THE HOLIDAY SEASON MEANS HOCKEY BOOKS
Looking for some last minute gift ideas to keep the family happy? Nothing says holiday season like a good hockey book, and once again this year, there is a bumper crop to choose from. We’ve selected a dozen of the best for you to wrap up and give to Uncle Harry, or Aunt Emily, or that older brother you never know what to buy for. You’re welcome. (note: all prices are subject to change).
Boy On Ice – The Life and Death of Derek Boogaard by John Branch – Harper Collins Publishers Ltd. – ISBN 978-1-44341-704-4 371 pages $32.99
What happens when a Pulitzer Prize writer takes on hockey, in particular one of the slowly vanishing positions in hockey, that of the enforcer? You end up with one of the sports books of the year, that’s what happens. Branch expands upon his three-part series to provide us with a vital, refreshingly blunt yet tender look at the short life of Boogaard. It is a ringing damnation of the cattle call that youth sports often is, yet at the same time does not dismiss Boogaard as just another piece of meat. The best hockey book title of the year may be the best sports book of the year.
Puck Struck – Distracted, Delighted and Distressed by Canada’s Hockey Obsession by Stephen Smith – Greystone Books – ISBN 978-1-77164-048-0 432 pages $34.95
The opening chapter alone is worth the price of admission, as it very succinctly lays out the whys and wherefores for the Canadian disease known as Hockey. Other countries embrace the game, and other countries are just as good at playing it, but only in the Great White North has the game become The Game. Smith clearly shares this affliction, but also can remove himself far enough from the fray to take a sober look at the good, bad, and the ugly in the daily embracing of Canada’s true past time. Highly recommended.
Changing the Game – A History of NHL Expansion by Stephen LaRoche – ECW Press – ISBN 978-1-77041-079-4 417 pages $19.95
So many good hockey books this season, yet this may be my personal favourite. A topic that I can go on and on about…NHL expansion. LaRoche, who has an impressive background working in the sports card industry, follows the logical progression and effectively encapsulates the ever changing moods of the National Hockey League. I immediately flipped to the Great Expansion of 1967, and then to the wacky 90’s, but LaRoche covers everything, and talks to the people who were there. The Hamilton Tigers, the Montreal Maroons, the Brooklyn Americans, the Minnesota North Stars, the Kansas City Scouts up to the Atlanta Thrashers. I could go on, but we’d all be better served by you picking up a copy of this must have book.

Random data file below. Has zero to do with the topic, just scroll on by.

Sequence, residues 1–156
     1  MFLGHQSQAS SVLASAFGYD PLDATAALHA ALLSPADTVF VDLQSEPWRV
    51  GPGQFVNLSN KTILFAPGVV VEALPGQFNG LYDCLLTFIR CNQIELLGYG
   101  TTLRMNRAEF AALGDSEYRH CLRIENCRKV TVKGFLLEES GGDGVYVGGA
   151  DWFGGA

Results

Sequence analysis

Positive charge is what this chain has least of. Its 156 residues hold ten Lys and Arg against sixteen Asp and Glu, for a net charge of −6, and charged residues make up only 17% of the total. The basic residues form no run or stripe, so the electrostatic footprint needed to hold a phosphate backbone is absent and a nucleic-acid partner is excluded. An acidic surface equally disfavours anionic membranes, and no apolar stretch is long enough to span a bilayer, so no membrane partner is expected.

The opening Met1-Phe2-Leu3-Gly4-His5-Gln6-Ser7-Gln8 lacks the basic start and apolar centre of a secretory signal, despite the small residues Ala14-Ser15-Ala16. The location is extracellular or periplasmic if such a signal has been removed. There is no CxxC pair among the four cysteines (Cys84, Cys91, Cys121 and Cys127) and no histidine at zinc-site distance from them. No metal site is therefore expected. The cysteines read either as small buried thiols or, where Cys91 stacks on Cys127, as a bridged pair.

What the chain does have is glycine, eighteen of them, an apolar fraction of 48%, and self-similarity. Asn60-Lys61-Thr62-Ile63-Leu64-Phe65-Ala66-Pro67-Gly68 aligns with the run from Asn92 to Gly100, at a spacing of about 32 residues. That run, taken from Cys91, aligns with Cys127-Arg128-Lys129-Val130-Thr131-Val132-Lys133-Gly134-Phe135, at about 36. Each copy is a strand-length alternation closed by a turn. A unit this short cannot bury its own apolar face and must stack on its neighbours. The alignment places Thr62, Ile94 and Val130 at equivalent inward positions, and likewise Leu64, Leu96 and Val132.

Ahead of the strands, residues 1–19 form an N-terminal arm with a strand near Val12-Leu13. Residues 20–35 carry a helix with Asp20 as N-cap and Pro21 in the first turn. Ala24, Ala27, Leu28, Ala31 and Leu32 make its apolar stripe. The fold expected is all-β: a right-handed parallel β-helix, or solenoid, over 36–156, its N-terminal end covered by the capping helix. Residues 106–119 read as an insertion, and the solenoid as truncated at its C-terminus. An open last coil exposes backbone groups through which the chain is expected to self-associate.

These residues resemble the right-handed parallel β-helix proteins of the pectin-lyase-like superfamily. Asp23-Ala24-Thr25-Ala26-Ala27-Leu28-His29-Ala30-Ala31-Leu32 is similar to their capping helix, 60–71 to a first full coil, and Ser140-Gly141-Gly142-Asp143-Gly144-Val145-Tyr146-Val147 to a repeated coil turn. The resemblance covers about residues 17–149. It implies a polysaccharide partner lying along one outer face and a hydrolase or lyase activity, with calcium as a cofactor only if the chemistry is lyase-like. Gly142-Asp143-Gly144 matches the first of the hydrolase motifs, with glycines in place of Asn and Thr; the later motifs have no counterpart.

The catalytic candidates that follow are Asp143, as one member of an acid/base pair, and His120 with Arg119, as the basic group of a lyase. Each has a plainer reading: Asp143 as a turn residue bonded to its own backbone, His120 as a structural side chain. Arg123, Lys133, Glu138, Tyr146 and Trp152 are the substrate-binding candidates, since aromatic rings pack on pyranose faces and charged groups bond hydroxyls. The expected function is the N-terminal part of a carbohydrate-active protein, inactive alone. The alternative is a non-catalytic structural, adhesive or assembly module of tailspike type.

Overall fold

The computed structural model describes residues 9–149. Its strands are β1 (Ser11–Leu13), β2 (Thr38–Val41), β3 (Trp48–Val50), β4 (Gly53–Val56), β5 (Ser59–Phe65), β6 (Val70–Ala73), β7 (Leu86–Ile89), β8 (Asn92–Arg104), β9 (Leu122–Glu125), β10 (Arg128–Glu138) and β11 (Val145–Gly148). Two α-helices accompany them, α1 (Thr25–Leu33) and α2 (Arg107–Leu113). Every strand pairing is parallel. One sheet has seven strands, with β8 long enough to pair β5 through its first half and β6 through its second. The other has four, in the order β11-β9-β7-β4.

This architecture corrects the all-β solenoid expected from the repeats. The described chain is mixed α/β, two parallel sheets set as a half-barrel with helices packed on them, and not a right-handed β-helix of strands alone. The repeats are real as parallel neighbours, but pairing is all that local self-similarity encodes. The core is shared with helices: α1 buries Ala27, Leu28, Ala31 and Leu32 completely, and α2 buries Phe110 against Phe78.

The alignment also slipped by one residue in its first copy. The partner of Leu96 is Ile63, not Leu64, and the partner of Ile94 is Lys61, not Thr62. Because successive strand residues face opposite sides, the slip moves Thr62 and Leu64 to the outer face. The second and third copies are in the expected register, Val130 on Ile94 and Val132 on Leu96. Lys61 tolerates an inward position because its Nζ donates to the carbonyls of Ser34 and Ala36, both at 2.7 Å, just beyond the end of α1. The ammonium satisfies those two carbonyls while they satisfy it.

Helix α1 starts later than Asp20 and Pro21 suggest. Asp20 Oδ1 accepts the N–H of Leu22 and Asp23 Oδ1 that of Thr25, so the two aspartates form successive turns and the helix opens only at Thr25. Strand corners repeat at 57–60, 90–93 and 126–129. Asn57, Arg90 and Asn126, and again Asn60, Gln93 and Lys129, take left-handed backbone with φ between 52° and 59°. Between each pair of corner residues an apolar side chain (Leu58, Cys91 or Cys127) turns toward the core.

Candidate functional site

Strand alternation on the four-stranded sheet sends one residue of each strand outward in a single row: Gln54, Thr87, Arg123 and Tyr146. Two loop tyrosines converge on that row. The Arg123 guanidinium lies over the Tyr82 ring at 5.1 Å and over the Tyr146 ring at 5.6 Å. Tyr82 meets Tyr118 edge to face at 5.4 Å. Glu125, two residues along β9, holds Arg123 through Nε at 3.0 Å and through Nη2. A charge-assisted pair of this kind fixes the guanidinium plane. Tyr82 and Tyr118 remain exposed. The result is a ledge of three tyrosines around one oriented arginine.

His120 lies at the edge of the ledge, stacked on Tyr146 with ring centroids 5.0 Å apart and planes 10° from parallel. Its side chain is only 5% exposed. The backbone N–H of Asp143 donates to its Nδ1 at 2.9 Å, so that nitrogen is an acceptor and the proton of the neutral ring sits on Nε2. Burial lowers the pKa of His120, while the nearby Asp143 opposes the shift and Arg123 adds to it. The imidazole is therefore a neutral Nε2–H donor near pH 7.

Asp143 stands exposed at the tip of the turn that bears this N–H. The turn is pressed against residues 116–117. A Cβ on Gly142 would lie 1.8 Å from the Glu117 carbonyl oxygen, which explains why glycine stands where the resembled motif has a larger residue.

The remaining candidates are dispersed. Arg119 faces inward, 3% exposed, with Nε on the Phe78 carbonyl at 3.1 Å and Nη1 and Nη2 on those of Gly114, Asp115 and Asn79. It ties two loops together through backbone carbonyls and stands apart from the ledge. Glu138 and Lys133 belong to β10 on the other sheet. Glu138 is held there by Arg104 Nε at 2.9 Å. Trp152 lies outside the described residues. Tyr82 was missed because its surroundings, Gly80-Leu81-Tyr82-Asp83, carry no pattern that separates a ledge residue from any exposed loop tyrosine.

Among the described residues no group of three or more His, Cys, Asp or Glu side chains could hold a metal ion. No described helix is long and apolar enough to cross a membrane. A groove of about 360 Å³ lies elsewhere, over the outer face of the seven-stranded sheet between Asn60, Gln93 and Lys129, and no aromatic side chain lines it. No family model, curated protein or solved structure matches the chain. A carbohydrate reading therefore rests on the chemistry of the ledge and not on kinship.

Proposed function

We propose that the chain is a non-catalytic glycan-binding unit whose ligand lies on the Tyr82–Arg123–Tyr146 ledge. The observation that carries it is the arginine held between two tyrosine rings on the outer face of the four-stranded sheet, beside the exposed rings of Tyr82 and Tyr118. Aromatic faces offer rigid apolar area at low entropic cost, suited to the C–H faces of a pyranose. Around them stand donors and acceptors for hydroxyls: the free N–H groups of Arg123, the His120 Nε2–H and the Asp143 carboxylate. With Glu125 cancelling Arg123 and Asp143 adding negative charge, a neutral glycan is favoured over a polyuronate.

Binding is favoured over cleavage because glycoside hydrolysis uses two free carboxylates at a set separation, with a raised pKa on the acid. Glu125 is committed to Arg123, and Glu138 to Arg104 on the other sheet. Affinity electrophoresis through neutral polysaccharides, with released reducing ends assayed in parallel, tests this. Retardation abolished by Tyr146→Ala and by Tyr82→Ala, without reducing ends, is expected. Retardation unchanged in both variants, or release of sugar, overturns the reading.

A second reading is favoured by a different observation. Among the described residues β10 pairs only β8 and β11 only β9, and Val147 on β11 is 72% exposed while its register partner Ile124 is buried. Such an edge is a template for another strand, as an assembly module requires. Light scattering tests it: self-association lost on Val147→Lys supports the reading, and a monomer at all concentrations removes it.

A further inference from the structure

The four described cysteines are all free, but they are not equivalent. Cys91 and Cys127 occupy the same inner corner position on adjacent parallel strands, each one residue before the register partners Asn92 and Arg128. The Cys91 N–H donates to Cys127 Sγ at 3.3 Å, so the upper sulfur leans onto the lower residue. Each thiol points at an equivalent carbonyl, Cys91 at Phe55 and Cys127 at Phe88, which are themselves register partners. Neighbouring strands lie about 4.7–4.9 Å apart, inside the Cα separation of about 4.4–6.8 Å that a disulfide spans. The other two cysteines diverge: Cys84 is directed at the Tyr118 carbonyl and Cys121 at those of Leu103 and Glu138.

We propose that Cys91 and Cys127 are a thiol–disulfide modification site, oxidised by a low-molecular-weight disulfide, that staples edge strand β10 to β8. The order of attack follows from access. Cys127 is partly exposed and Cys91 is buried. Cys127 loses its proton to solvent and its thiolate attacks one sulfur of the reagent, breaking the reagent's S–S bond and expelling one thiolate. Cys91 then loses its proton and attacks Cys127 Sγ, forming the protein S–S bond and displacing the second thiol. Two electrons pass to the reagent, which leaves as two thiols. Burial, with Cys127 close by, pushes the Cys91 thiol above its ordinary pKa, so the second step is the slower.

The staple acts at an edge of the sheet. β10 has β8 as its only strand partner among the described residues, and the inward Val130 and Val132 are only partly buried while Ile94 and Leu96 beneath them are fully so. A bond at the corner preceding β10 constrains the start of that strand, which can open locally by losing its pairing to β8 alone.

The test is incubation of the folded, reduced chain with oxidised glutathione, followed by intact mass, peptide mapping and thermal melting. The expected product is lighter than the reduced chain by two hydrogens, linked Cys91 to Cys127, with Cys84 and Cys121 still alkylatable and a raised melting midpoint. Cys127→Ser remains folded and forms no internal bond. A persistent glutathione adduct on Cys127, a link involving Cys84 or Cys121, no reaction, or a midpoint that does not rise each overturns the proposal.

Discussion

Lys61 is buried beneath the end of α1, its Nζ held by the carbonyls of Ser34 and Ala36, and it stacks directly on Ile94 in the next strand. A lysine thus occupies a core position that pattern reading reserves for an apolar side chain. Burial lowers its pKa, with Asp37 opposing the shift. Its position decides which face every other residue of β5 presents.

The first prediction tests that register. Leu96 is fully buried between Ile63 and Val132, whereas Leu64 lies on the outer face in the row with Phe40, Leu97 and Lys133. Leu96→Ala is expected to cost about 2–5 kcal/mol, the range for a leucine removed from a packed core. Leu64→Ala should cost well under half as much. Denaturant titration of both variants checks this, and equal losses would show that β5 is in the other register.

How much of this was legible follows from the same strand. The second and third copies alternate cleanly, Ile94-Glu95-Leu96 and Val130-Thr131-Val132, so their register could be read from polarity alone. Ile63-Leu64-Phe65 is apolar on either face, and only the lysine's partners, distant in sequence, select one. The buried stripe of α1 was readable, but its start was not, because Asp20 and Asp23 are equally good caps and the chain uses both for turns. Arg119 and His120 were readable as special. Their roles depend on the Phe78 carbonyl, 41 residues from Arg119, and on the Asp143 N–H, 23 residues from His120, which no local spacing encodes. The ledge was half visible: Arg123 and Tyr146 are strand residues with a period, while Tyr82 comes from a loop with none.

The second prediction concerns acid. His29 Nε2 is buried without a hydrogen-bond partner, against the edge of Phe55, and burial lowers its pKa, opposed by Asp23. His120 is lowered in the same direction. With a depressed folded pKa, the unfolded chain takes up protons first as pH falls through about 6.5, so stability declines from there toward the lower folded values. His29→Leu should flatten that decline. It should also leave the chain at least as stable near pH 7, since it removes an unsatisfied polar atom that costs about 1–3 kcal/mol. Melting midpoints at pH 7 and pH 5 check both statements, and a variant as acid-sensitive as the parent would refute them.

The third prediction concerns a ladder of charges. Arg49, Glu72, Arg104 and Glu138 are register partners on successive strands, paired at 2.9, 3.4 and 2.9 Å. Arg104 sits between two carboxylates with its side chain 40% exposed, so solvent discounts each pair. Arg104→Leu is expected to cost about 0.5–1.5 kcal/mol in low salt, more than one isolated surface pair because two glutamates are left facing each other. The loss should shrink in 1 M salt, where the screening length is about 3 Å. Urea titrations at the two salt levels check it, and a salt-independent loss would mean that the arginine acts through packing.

Hockey Card Stories by Ken Reid– ECW Press – ISBN 978-1-77041-197-5 255 pages $19.95
No other hockey book this holiday season will be more fun to read that this one. A pack of O-Pee-Chee hockey cards come to life! With hockey card bubble gum paper on the inside, and a waxy pack-like cover on the front, all that’s this is missing is that unmistakable smell of gum, and Reid more than makes up for that with a fun and informative romp through the history of cardboard hockey. I once racked my brains trying to come up with an idea for a hockey book. Hey, how about talking to ex-NHL’ers about their hockey cards? Reid has beaten me to the punch, and has done it with flair. Even if you never collected hockey cards (shame on you), try not to smile when Reid talks to the likes of Bill Armstrong about his only NHL card, or Dennis Maruk about those awful airbrushed uniforms.
The Crazy Game – How I Survived in the Crease and Beyond by Clint Malarchuk with Dan Robson – Harper Collins – ISBN 246 pages $
A very good NHL goaltender who has survived two very close brushes with death. A pretty good starting point for a book, and Malarchuk delivers in a Ball Four manner, naming names and refusing to downplay the rougher, and more unsavory chapters of a life that is worth your time getting to know. It’s not all serious talk, as Malarchuk dishes out the tales of life in the big leagues. Who knew the Moose, the REAL Moose (Andre Dupont) was that much of a character? You’ll read this one until it’s done.
The Lost 10 Point Night – Searching For My Hockey Hero by David Ward – ECW Press – ISBN 978-1-77041-155-5 150 pages $17.95